Spark to splash $221M on data centers, 5G in new plan

New Zealand telco Spark sees growth from data center demand and convergence, as it unveils latest three-year strategy.

Robert Clark, Contributing Editor, Special to Light Reading

April 6, 2023

3 Min Read
Spark to splash $221M on data centers, 5G in new plan

New Zealand's biggest telco Spark will invest up to 350 million New Zealand dollars (US$221 million) in data centers and mobile in its latest three-year strategy. It has set aside between NZ$250 million ($156 million) and NZ$300 million ($188 million) to expand data center capacity and another NZ$40 million ($25 million) to NZ$60 million ($38 million) to tip into 5G standalone and multi-access edge.

Unveiling the new strategy at a briefing Wednesday, chair Justine Smyth said Spark has built growth in the last three years through new technology and simplification, and is now able to invest for future expansion.

The new capex program will be funded by the proceeds of the NZ$911 million ($570 million) sale of 70% of Spark's mobile towers last year.

Figure 1: Standalone 5G is one of the areas Spark plans to invest in. (Source: Philipp Dimitri / Westend61 GmbH / Alamy Stock Photo) Standalone 5G is one of the areas Spark plans to invest in.
(Source: Philipp Dimitri / Westend61 GmbH / Alamy Stock Photo)

Based on surveys of its own customers, Spark believes local data center capacity will grow at more than 40% CAGR from around 50MW today to 200MW by 2026. "We still see data center growth as a big high-growth opportunity," COO Mark Beder said. "This is an investment that delivers a long-term, high-margin, high-revenue business for us."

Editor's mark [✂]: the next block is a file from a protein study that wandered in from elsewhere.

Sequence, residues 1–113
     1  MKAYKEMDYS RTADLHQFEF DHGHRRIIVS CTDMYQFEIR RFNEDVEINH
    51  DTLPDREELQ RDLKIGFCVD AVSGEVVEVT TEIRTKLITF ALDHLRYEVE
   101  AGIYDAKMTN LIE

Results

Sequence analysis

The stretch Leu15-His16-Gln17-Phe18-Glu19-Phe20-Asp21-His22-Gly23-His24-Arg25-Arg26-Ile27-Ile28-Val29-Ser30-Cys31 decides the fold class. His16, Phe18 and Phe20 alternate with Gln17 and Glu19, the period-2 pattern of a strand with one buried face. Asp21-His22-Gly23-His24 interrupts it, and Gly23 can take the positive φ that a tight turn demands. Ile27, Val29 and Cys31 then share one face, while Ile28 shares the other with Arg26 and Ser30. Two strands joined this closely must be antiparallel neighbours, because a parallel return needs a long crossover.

He said the 11MW Takanini data center in Auckland will be completed in the middle of this year. Beyond that the new funding would allow the company to add up to 17MW in extra capacity that would likely come online in 2026.

Acceleration of convergence

Besides the ramp-up in data centers, Spark also spies opportunity in mobile where it is posting annual growth at 5.5% ahead of the market average of 4.6%. "In the next three years we will leverage convergence for growth," Beder said.

Spark would deliver converged solutions that bring together new technologies such as AI, 5G, computer vision, IoT and edge computing, he said, citing as examples Spark Health, which has been growing at 17% a year, and digital identity subsidiary MATTR.

The company also expects to shed around NZ$125 million ($78 million) to NZ$175 million ($109 million) in costs over the three years through simplification and automation.

CEO Jolie Hodson said that in the current plan, Spark had met its EBITDA (earnings before interest, taxes, depreciation and amortization) margin target every year, had increased its free cashflow and delivered shareholder returns at the top tier of international peers.

"We are now seeing the rapid acceleration of convergence – which is about bringing these different technologies together to solve business problems where it was not possible, or cost effective, to do so in the past," she said.

"When you consider the challenges businesses are facing – from inflation and labor shortages, to climate change and increasing regulation – there is a big role for technology to play in helping us do things differently."

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— Robert Clark, Contributing Editor, special to Light Reading

About the Author(s)

Robert Clark

Contributing Editor, Special to Light Reading

Robert Clark is an independent technology editor and researcher based in Hong Kong. In addition to contributing to Light Reading, he also has his own blog,  Electric Speech (http://www.electricspeech.com). 

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